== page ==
Paid my respects to Betsy Ross, photographed the fountain in her courtyard with the cats. Swung by the Old Quaker Meeting House, and the store at the Visitor’s Center. I wanted to buy some silly gifts, but the store was overpriced, and there wasn’t anything appropriate. And why do the stores in the Bourne Center sell replicas of the Statue of Liberty and postcards of NYC? Doesn’t make sense to me.

Carpenter’s Hall (good bookshop there), swung back around on 2nd St. to the Clay Center. Although it states on the website that the gallery opens at 10, and I was there after 10:30, it was locked and dark. Typical Philadelphia.

Ducked down Elfreth’s Alley, full of tiny little row houses and window boxes, and pre-revolutionary lane that still has people living there. Poor things, the tourists must drive them nuts. And there’s Blanden’s something or other, another little alley leading of Elfreth’s Alley, which would be lovely and peaceful is so many people weren’t crawling around taking photos! I was one of them, but I tried to do it quietly! 😉

Took some lovely photos in the cemetery at Christ’s Church, dodged four troops of boy scouts (for a minute, I thought I’d have to hop over the wall, which, in a dress, would have been an adventure). Walked across to the Society Hill neighborhood, full of restored (expensive) row houses.

There’s an oddly designed red brick building, heading south, called the Center for Living History that “closed permanently” on June 18. That’s a shame. And I wonder what they’ll do with the monstrosity.

The plan was to eat at a pub I’d read about called The Artful Dodger that looked interesting. I thought I’d check it out and write a short article about it. There are plenty of publications who take that type of stuff. I got there about a half hour before they were scheduled to open. I was hot and tired, in spite of carrying water. I wandered around the neighborhood, which is lovely, and spent a good bit of time in the churchyard next to St. Peter’s. I took some interesting photographs — I like old graveyards, they have stories, and they tell them if you listen quietly enough. Also met a woman walking two Wheaton terriers who told me about some interesting graves in the graveyard next door, at cemetery beside Old Pine St. Church, and about some lovely little gardens tucked away between Society Hill and where I’m staying off Rittenhouse Square.

By the time we were done, it was a few minutes after noon. I walked back to the pub, and it was even a few more minutes after noon. Not only was it not yet open, the staff saw me waiting and turned their backs. Not a wave or holding up a hand to indicate five more minutes. Dismissal.

So I left. Not spending my money there.

The service in Philadelphia restaurants sucks more often than it doesn’t anyway, which is a shame, because Philadelphia has a lot of outstanding restaurants. It sucks more than in most other towns I’ve travelled to throughout the world. But the servers seem to think they’re doing you a favor by letting you come in and sit down and pay them to maybe come by your table if they feel like it and can get off their smart phones or be bothered to stop conversing with their colleagues. 98% of the wait staff in Philly couldn’t last a single shift in NY.

Exceptions that I’ve discovered (and to which I keep returning) are Smith’s, on S. 19th St., a few blocks from Rittenhouse Square, and The Black Sheep, on S. 17th St. Hopefully, the place we’re going for lunch to today will also fall into that category.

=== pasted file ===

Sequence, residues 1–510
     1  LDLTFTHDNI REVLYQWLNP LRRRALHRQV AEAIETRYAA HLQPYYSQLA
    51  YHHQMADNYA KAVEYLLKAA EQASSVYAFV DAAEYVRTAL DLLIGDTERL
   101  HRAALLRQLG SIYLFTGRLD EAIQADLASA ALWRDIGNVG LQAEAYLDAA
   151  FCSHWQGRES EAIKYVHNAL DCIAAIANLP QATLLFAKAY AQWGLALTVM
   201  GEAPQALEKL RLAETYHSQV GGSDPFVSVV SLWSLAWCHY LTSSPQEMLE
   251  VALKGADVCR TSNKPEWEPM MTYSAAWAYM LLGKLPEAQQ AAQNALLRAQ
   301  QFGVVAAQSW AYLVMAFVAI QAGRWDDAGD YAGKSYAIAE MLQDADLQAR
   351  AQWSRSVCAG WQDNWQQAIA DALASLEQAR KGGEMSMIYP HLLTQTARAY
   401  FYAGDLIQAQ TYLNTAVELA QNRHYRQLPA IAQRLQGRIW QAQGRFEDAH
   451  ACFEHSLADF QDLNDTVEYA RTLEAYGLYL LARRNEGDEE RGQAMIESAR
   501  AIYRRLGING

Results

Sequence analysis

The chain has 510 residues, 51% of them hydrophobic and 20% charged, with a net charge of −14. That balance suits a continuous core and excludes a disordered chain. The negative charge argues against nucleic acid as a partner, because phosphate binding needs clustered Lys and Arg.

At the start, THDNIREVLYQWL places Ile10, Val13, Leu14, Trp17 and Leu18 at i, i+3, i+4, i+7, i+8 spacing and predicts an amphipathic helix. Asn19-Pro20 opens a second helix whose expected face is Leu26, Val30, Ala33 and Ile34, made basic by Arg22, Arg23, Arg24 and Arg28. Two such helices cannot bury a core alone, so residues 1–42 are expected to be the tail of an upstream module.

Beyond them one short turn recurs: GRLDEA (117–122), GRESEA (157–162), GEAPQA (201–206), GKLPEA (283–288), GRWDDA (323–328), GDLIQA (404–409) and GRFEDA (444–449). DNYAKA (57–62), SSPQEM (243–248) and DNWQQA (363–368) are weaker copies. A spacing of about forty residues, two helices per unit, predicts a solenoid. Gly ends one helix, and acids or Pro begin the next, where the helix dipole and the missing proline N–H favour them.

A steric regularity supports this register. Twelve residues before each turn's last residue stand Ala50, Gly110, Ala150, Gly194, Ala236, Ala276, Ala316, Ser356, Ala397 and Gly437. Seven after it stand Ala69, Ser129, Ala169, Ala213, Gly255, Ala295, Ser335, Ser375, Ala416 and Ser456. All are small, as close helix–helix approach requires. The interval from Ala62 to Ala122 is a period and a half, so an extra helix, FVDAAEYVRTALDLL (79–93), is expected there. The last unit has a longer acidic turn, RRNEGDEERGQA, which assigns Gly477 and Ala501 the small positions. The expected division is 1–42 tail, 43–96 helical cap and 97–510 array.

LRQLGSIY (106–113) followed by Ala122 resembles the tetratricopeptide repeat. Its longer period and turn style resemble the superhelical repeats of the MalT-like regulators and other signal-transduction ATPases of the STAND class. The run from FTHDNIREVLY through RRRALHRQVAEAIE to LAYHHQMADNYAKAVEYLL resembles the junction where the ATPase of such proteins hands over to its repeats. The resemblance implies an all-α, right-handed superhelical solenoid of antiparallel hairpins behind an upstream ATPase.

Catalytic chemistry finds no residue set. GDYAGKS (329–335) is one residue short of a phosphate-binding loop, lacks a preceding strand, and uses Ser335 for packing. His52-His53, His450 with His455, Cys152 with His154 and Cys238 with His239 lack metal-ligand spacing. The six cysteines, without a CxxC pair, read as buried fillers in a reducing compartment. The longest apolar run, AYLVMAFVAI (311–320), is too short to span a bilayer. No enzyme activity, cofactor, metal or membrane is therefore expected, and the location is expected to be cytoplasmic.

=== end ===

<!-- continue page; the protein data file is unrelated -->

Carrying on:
Walked west on Pine Street, which was lovely. Row houses, Antiques Row (a series of antique stores — if I’d been in shopping mode, I’d have stopped at a few, but I wasn’t). I hoped to find a little cafe to stop and have a bite, but didn’t see anything that particularly struck me.

So I wound up at The Black Sheep, which is close to where I’m staying. I already knew they had great burgers and a nice selection of beers. I sat in the bar. The only person working was the bartender, who was also serving, but she was great. Nice change. I had the fish tacos — a huge platter with delightful condiments including one of the best cilantro sauces I’ve ever had. And a couple of pints of Flying Fish beer, which was very good. All reasonably priced, served promptly and politely, in a good atmosphere. Because The Black Sheep is so close to where I stay, I tend to overlook it, but I won’t anymore.

After lunch, I returned to the apartment and collapsed in the air conditioning. I was pretty wiped out. Didn’t do much of anything for the rest of the day except some percolating and email. I overheated during the day, in spite of drinking a lot of water, so it took me awhile to cool down.

Contract negotiations are not going well. I hope I don’t have to walk away and start the submission process all over again on this project, but if it comes to that, I will. I like this company, but they’re not taking one of the non-negotiables for me seriously and they think I’ll blink. They are sadly mistaken.

I will tell them so politely and firmly, and we’ll see where that leaves us.

Back to the page for awhile this morning, and then it’s off to lunch with some writer pals at a Belgian restaurant only about two blocks away whose menu looks fantastic. Let’s hope the service is up to par.

Boy, am I spoiled with my Optimum internet service at home. Comcast sucks — it’s hard to get anything done efficiently. Pages take about 3-1/2 minutes to load — when they can be bothered to load at all. I hope they are not my only option when I relocate.

Today is the festival of the goddesses of mineral springs, salt water, and healing waters. I will honor them tonight by a good soak in the tub with salts!

Devon